The Pollinator Housing Project revolve around building homes for pollinators such as honey bees, wild bees, bumble bees and butterflies. Honey bees are great pollinators, however recent studies
have shown that wild pollinators such as solitary bees, bumble bees and butterflies often are more important for efficient pollination. Unfortunately honey bees are having a tough time and many species of wild pollinators are on the decline.
One of several contributing factors to the demise of wild pollinators are the disappearance of their habitats. In some cases their situation can be improved by constructing various houses for them. However, constructing a pollinator house can be a good idea even if it isn't strictly necessary.
"If backyard bugwatchers become engaged with the interactions they see in their gardens, they might become stronger advocates for keeping highway medians herbicide-free, for assuring that only biological control agents are used to manage pests on food crops and for establishing corridors linking protected areas.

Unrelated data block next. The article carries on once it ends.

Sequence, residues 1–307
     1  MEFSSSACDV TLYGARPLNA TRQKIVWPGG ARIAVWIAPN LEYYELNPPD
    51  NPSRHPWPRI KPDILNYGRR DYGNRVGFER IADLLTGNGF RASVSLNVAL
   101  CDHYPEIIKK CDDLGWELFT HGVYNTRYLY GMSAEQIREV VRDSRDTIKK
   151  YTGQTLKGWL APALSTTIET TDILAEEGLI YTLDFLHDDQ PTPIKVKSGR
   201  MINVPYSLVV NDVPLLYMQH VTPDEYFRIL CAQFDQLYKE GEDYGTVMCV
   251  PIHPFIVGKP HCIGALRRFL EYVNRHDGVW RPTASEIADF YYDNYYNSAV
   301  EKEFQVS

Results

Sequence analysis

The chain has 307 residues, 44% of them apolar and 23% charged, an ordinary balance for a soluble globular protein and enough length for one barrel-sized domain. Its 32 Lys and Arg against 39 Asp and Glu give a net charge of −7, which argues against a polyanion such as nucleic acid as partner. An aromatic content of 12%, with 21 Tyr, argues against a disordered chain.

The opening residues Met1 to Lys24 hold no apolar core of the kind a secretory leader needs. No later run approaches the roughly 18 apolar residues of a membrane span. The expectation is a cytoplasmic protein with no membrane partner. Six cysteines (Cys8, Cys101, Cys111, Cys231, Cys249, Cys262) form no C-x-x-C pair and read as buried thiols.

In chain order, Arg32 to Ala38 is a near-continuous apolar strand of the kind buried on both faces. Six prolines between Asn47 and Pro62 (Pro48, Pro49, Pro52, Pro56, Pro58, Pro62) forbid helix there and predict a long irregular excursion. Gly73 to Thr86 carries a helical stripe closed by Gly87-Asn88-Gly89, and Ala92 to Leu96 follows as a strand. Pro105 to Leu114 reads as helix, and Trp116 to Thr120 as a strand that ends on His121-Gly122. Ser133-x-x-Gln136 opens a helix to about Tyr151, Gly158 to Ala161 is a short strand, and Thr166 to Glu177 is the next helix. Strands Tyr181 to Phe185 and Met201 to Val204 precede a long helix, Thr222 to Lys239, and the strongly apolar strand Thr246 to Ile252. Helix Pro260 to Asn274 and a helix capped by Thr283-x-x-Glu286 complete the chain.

" - The Forgotten Pollinators, S. L. Buchmann and G. P. Nabhan
At Färgfabriken (top) we made houses for solitary bees out of reed, paper straws and used milk cartons. At the spring farming day at Hästa gård
(a public farm in Stockholm) we made houses for solitary bees by drilling holes in pieces of wood from trees that had been cut down at the farm.
Here is A Brief Guide To Building Houses for Wild Pollinators
The Pollinator Housing Project has been shown at Hästa gård
(SE) in May 2012 and at Färgfabriken
(SE) in November 2012 - March 2013.
The Pollinator Housing Project has been realized by Erik Sjödin with the help of Hästa gård
, a public farm in Stockholm (SE), the contemporary art and architecture space Färgfabriken
in Stockholm (SE), The Swedish Museum of Natural History
in Stockholm (SE) and Karin Ahrné
at the Swedish University of Agricultural Sciences
in Uppsala (SE).